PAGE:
This Supernatural review contains spoilers.
Supernatural Season 13 Episode 20
I knew right away I would like this episode better than last week’s. Not only was it Gabriel-centric, it was also directed by the man himself, Richard Speight Jr. He always seems to get really fun episodes. I don’t know if it’s determined in a lottery or via throwing darts at a board of episode titles, but whenever I see he’s directing, I haven’t been disappointed.
Gabriel returns and agrees to team up with the Winchesters if they help him in his short-term goals: revenge on the Norse demigods who sold him to Asmodeus. We got some cool cinematic shots out of this setup due to the Kill Bill-style revenge plot, including a dramatic katana fight with the first demigod.
When the boys all enter the elevator in the Ophidian Hotel where Loki is kept, they enter in dramatic slo-mo. The resulting fight is visually cool, because you don’t see half of it. Gabriel snaps the lights out, and snatches of the battle are revealed with the flashes from gunfire. We get just enough to see Dean sneaking off with the final blade to attempt a shot at Loki himself.
If you’re confused, let me clear it up. Gabriel and Loki are no longer synonymous. Turns out, when Gabriel entered his own personal “Witness Protection” eons ago, he made a deal with the Norse Trickster God to take his place in the world. Thus our Trickster was born. I never knew in the history of Trickster/Gabriel-featured episodes that I’d want to see a Loki vs. Gabriel fight, but now I know what I was missing. It was an epic, if not short, showdown between two powerful creatures. Richard Speight Jr. directed and acted as two separate yet similar entities. He truly is a triple threat.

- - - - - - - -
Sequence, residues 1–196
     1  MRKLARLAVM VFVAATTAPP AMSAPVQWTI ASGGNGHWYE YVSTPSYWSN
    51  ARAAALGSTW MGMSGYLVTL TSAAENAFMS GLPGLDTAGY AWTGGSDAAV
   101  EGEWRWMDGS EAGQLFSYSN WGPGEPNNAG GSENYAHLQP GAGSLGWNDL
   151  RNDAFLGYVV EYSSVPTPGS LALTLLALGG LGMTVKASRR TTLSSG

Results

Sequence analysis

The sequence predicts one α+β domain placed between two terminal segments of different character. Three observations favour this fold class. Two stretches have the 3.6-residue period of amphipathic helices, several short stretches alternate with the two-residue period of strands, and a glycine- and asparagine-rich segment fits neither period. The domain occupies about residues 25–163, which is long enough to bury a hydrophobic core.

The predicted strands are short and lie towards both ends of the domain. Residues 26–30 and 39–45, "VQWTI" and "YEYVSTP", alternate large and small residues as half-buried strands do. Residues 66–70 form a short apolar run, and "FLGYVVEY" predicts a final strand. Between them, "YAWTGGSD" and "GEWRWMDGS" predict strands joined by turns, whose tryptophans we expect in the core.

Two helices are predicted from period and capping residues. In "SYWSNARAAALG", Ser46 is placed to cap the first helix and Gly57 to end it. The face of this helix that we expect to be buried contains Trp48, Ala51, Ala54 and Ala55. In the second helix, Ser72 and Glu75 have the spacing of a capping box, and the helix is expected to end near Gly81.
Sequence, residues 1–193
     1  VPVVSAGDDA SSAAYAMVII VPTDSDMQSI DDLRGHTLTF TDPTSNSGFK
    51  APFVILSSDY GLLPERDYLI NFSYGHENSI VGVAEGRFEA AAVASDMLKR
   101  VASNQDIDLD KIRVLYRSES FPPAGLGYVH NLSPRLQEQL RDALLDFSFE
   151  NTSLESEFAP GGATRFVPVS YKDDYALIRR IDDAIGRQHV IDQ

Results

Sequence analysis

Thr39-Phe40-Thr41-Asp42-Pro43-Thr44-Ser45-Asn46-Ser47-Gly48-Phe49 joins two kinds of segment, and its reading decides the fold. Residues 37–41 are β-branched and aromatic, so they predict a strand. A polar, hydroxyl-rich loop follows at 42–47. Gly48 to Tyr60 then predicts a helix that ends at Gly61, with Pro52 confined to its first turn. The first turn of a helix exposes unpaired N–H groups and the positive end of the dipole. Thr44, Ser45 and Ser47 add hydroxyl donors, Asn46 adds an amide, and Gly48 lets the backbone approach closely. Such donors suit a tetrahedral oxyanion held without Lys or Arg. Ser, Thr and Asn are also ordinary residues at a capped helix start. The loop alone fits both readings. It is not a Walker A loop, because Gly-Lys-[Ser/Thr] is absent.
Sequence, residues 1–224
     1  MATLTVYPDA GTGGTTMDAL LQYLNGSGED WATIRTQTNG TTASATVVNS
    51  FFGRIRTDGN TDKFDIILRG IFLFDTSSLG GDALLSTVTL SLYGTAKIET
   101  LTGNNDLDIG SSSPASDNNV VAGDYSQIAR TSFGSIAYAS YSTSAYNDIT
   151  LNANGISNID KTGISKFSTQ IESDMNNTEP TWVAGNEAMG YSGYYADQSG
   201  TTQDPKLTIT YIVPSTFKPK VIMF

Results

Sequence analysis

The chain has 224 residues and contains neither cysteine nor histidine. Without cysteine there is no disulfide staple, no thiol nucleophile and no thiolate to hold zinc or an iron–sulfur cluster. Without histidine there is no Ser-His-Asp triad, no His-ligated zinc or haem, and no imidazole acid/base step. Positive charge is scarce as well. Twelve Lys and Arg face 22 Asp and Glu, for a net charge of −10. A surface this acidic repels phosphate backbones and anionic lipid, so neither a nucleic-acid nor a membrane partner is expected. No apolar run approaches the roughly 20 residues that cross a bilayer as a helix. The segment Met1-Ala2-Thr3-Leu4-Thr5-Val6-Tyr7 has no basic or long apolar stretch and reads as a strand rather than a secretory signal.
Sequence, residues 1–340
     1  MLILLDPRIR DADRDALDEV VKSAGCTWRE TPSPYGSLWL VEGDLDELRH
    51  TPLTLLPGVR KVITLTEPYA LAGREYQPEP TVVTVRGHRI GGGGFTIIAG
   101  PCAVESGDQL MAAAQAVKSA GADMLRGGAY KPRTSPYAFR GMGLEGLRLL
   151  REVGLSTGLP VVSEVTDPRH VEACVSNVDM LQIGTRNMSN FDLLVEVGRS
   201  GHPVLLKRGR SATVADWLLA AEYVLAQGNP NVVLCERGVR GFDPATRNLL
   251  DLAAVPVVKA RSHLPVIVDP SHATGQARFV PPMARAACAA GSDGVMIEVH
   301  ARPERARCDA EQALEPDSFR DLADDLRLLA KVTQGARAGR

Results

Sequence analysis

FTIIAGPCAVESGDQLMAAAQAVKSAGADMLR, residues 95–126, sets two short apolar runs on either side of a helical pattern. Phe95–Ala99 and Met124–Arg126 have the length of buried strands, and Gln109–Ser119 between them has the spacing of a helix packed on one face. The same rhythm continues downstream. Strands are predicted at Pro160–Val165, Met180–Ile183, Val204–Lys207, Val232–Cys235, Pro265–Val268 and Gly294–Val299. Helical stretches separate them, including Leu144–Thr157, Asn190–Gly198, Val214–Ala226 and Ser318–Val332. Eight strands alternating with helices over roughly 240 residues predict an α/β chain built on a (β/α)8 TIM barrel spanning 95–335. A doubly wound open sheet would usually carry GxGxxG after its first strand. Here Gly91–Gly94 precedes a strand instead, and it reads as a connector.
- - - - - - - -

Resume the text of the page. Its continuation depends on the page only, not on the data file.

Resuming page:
The point of this whole confrontation was two-fold: showing Gabriel’s return and his doubts about his abilities. We see Gabriel officially back in the game, re-energized somewhat after his pyrotechnic display with Asmodeus. Gabriel is also scarred from his imprisonment. Although he prevails in the end, there’s a moment after he tells Sam he’s doing “swell” that speaks volumes. Gabriel is likely disturbed by the coming confrontation with Alterna-Michael.
This episode also gave us some further advancement in what Mary and Jack have been up to in the parallel world. Turns out, they’ve been kicking ass and taking names, but even with their apparent victories, Mary urges caution. She is the voice of reason, very much taking on a parental role to Jack.
When it all inevitably leads to a failure (Kevin, why!?), Jack blames himself. That’s when Mary imparts some wisdom: “We can prepare and we can fight and sometimes things happen we’ll never see coming.” I feel this is very much the Supernatural formula. Seasons build with the Winchesters planning to take down the big bad, only to have something come out of left field to kickstart the next major story arc. Maybe this is foreshadowing for the season finale, which is only a few episodes away.
We also get a continued look at Dean’s issues this week, especially with that nutty decision to take on Loki himself. Sam calls him out on it but this is surely not the end of this. Dean is still plenty disturbed about losing Mom and Jack, and he’s starting to act out. Dude, chill. There’s only three episodes left. And then a whole ‘nother season.